In early November, for the first time ever, The New York Times acknowledged that video has become more powerful than ......[more]
20 November 2014 · by Darrell Kunken
McClatchy has launched the McClatchy Customer Data Center (MCDC), a more formal analysis process for building value for advertising clients.
Print, digital, niche products — this is not what we are selling. We are selling exposure to an audience, an audience that will transact with our business partners.
MCDC brings the focus of the conversation down to the most important common denominator for any business: Who are my most valuable customers and how do I keep building my business through ......[more]
18 November 2014 · by Suzanne Raitt
News media companies deliver print and digital advertisements, of course, But today, they offer far more.
Take a look at what newspapers have done to deliver the advertiser’s message in a relevant and unique way. They are going above and beyond, partnering with advertisers to create powerful, impactful messaging to reach their target consumers:
Events: A local pub (which brews its own beer) needed to build awareness. The news media company invited the local neighbourhood in to drink beer (optional) and draw an advertisement for the pub in a blank spot it had left in 1,000 newspapers.
These newspapers, with “hand-drawn ads for handmade beer,” were delivered ......[more]
06 November 2014 · by Greg Bobolo
The news about newspapers isn’t pretty.
American newspaper ad revenues have plummeted by more than US$40 billion since 2000. The Washington Post, for years considered the standard bearer in newspaper journalism, has gone from a position of immense profits that reached US$120 million annually in 1998 to annual losses of US$40 million, as reported recently in Adweek.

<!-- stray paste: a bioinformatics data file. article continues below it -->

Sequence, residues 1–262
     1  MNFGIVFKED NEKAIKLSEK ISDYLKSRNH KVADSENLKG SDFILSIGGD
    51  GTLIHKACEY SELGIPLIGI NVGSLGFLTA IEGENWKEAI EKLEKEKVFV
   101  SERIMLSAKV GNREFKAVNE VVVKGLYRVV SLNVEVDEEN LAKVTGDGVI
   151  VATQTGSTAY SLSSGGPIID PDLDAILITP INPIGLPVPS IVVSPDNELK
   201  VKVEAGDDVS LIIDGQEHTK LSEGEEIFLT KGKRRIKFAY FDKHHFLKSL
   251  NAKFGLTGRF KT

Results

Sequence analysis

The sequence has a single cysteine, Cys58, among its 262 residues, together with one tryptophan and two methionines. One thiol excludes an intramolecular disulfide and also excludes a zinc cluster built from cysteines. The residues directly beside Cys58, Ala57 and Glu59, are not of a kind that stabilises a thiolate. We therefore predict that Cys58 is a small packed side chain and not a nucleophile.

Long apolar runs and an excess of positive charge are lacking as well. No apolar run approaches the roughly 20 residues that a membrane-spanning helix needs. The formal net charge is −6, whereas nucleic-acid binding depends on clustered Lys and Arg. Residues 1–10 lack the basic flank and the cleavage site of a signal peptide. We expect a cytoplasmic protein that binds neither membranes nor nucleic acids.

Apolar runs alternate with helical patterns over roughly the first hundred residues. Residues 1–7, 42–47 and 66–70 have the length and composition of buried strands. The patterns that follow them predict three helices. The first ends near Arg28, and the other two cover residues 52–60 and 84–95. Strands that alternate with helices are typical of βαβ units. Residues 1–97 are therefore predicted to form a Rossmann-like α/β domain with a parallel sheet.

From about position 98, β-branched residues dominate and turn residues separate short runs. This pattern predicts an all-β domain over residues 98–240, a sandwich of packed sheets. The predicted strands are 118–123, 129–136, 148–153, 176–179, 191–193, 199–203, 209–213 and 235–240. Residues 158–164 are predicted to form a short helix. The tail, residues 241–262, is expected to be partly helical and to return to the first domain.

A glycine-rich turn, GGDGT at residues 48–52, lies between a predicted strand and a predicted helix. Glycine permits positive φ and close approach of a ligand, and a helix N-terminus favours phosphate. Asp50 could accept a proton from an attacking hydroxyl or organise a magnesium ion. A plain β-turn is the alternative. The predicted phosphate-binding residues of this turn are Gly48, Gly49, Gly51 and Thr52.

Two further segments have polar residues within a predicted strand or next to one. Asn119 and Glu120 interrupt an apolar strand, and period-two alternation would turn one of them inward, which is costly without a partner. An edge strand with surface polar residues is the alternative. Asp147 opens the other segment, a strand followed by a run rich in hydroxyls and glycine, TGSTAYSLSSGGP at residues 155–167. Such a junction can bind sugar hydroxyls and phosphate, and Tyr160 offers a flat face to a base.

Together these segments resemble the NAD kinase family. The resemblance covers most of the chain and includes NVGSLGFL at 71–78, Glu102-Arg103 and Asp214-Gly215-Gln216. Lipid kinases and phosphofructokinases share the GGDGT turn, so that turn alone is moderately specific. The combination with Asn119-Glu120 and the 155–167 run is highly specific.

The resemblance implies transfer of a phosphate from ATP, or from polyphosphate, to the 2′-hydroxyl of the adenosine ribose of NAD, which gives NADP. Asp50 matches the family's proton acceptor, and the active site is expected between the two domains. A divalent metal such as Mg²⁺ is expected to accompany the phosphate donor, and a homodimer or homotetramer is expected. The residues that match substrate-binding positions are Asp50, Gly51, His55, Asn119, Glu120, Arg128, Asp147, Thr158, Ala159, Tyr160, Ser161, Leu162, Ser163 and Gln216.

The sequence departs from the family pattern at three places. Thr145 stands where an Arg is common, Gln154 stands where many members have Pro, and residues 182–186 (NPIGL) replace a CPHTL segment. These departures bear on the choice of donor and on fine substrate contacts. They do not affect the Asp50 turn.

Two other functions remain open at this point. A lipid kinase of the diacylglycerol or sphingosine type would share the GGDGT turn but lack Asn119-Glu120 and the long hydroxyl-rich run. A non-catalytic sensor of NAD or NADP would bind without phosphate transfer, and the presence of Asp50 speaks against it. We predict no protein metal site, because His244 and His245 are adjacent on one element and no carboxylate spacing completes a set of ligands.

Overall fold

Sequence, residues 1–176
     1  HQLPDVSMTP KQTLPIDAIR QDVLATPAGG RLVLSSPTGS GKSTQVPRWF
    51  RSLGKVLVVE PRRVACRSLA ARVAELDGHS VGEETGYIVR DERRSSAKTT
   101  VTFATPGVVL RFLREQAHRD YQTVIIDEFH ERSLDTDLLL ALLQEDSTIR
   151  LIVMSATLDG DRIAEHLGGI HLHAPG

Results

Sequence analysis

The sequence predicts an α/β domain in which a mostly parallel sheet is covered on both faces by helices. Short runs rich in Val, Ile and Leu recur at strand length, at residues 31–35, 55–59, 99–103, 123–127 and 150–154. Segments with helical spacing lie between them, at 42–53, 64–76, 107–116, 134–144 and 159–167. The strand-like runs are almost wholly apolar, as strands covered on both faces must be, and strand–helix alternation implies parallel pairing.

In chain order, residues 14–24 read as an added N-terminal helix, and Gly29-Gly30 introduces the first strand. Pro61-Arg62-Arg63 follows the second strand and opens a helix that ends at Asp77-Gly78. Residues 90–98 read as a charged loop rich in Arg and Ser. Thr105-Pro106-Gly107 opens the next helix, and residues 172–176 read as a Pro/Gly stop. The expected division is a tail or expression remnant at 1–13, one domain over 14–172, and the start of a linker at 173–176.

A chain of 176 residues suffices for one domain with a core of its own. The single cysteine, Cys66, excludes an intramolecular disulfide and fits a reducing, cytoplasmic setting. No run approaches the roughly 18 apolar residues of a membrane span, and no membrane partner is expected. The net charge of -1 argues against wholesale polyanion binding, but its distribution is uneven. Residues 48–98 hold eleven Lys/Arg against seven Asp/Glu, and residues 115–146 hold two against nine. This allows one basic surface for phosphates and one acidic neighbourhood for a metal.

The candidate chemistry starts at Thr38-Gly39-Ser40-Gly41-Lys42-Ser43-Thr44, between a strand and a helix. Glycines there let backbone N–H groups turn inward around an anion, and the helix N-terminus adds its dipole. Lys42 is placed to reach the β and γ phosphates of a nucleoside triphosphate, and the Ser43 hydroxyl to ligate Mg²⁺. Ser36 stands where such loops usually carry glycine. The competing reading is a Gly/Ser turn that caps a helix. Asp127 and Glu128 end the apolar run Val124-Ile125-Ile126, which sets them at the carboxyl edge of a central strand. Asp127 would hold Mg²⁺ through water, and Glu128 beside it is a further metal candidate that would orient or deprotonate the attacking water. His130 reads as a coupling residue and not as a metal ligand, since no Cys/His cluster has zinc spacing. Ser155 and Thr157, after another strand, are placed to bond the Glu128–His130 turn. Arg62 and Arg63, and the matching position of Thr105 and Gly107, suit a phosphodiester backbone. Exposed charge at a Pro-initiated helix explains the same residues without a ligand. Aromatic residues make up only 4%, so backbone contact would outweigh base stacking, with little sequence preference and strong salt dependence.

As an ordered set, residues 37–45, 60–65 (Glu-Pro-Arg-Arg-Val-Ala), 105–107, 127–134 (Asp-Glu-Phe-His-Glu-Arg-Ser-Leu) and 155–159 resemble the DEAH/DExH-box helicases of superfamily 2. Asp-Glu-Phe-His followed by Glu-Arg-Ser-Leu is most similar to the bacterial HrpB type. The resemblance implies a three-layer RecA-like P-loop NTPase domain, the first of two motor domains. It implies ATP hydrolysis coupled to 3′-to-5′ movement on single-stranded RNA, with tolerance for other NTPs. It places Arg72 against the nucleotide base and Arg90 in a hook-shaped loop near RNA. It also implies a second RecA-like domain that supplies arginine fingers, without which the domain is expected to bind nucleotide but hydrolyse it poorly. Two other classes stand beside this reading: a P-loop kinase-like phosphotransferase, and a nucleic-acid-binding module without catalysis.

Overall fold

A failure to anticipate the digital technology revolution that would sweep the media world is partly to blame. Whatever inroads news media companies have so far been able to make with online ad revenue have not come close to offsetting the freefall of print ad revenue and have been further eroded by the proliferation of specialty media outlets.
However, it’s not too late.
Newspapers need to focus on digital, which represents the only future with possibilities. Once they do, it will become a real priority and receive the attention it needs.
Let’s look at the hard data. Worldwide newspaper ad spending continues to fall, as it has been for more than a decade. Digital ad spend surpassed print for the first time in history years ago.
Now, let’s look at ......[more]
08 October 2014 · by Suzanne Raitt
Media companies can take a page from Cirque du Soleil. Its underlying “secret sauce” – surprise and delight your audience.
Through both the editorial and the advertising, media companies have an opportunity to excite their readers every day (and make some money).
Let’s consider how.
The show itself presents the weird, the mad-cap, the unexpected, and the talented. Do we do this enough in our editorial? On the revenue side, we need to continue to offer our advertisers creative offers that will help their messages break through and create positive word of mouth (for them and for us).
In print, more advertisements with scent/scratch-n-sniff features, Augmented Reality, messages over multiple pages, fold-outs, inventive placements, and charming ads that use the day or section of the newspaper to make the ad sing.
More. More. More.
Digitally, have fun ......[more]
07 October 2014 · by Darrell Kunken
Conversations are now more pointed.
For retail marketers, the needle is pointing in the direction that gives them measurable metrics.
Marketers duly admit that when they put an advertisement in a newspaper, an insert in certain ZIP codes, or ads on an np.com site, their store sales see an increase.
Yet more and more, they are pushing back on using our channels for ad promotions because they “can’t measure the ROI.”
For newspaper companies, this represents a great challenge. While we know that we have the audience and the distribution capabilities to reach virtually any targeted audience or household, unless we close the loop on ......[more]